The California Supreme Court heard oral arguments in an important case we’ve been following involving CEQA’s definition of a “project” on the afternoon of June 4, 2019, and took the matter under submission.  The case – Union of Medical Marijuana Patients v. City of San Diego (California Coastal Commission, Real Party in Interest), No. S238563 – involves a City of San Diego ordinance authorizing (as a new use in industrial/commercial zones) and restricting the location and manner of operation of medical marijuana dispensaries within the City, and plaintiff’s challenge to the City’s determination that its adoption of the ordinance was not a “project” for purposes of having to undergo CEQA review.  The Court’s grant of review encompassed the issues whether the particular ordinance is a CEQA project and also whether zoning ordinances in general are CEQA projects.

Continue Reading Supreme Court Hears Oral Argument In CEQA Project Definition Case

The California Legislature has enacted new Public Resources Code § 21159.25, effective as of January 1, 2019 (Stats. 2018, c. 670 (A.B. 1804)), which extends much of the substance of the existing CEQA Guidelines’ Class 32 categorical exemption for “infill development” (14 Cal. Code Regs., § 15332) to certain multi-family housing projects in urbanized, unincorporated county areas.  While largely patterned after the Class 32 exemption, the statute thus has a few unique and significant twists and limitations, as explained below.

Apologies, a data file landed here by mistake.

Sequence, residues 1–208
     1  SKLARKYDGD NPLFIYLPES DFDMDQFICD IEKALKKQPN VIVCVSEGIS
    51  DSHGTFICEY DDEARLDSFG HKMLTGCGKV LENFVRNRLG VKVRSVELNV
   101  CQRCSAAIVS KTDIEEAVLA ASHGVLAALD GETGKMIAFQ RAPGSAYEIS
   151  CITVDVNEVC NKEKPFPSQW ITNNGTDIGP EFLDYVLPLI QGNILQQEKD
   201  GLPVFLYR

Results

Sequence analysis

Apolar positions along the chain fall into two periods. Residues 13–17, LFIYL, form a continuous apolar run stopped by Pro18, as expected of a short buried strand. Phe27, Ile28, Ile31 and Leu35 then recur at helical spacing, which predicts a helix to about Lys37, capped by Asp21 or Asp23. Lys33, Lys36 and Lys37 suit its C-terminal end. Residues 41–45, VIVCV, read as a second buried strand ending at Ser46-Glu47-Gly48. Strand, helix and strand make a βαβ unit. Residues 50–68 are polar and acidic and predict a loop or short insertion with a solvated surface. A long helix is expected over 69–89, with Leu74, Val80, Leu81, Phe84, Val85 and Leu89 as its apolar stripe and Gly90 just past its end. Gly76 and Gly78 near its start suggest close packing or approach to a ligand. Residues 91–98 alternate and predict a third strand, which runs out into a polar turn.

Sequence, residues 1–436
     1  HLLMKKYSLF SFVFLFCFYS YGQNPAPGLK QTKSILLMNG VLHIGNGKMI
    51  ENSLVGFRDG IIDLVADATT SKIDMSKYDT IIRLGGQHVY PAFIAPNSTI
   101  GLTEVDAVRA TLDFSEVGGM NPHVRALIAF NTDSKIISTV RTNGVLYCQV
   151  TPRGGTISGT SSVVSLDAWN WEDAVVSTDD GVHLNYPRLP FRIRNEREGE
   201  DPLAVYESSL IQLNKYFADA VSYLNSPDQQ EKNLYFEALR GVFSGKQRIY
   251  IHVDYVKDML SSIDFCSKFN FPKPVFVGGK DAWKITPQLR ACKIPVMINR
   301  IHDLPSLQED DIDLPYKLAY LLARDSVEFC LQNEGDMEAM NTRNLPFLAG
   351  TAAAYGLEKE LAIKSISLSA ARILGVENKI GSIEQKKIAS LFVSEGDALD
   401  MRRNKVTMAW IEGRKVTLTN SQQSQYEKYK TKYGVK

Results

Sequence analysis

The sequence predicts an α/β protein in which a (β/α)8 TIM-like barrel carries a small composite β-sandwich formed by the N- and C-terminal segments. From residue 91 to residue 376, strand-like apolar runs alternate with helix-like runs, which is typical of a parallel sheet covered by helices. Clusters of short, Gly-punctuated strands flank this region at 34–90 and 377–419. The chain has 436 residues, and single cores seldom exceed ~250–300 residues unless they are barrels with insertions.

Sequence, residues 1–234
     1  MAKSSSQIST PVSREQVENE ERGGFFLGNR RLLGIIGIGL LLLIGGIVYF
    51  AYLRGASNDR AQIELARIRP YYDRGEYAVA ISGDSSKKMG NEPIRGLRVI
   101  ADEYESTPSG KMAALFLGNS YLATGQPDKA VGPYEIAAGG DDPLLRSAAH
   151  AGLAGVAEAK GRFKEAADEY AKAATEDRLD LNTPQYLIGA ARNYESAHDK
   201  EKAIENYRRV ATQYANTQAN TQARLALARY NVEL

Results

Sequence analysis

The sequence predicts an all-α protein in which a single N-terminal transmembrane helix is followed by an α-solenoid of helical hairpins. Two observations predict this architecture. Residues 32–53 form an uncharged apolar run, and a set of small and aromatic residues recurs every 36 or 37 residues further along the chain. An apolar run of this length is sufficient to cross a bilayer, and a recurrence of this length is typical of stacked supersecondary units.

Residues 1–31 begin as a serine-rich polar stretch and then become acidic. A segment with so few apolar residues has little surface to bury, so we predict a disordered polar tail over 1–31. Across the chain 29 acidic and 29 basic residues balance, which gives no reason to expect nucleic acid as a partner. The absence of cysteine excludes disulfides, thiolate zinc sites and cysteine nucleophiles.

Continue Reading Legislature Enacts New Statutory CEQA Exemption, Modeled After Class 32 Categorical Exemption, For Certain Infill Multifamily Housing Developments In Urbanized, Unincorporated County Areas

Spring now being practically “in the air,” a bit of CEQA “spring cleaning” seems appropriate – so here’s a brief look at the status of some significant CEQA-related cases that are now pending before our Supreme Court, or in which its review has been sought:

Continue Reading Supreme Court CEQA Roundup – March 2019

In a published opinion filed February 13, 2019, the Fourth District Court of Appeal (Division 3) reaffirmed the need for a CEQA litigant challenging a coastal development permit to appeal to the Coastal Commission before suing.  Fudge v. City of Laguna Beach (Hany Dimitry; Real Party in Interest) (2019) 32 Cal.App.5th 193.  The Court refused plaintiff’s invitation to make the simple complex, and followed published precedents requiring a plaintiff to exhaust the statutory administrative remedy of an appeal to the Commission to ripen a litigation challenge.

Continue Reading Coastal Act Trumps CEQA: CDP Challenger Must Administratively Appeal Local Entity’s Approval To Coastal Commission Before Bringing Judicial Action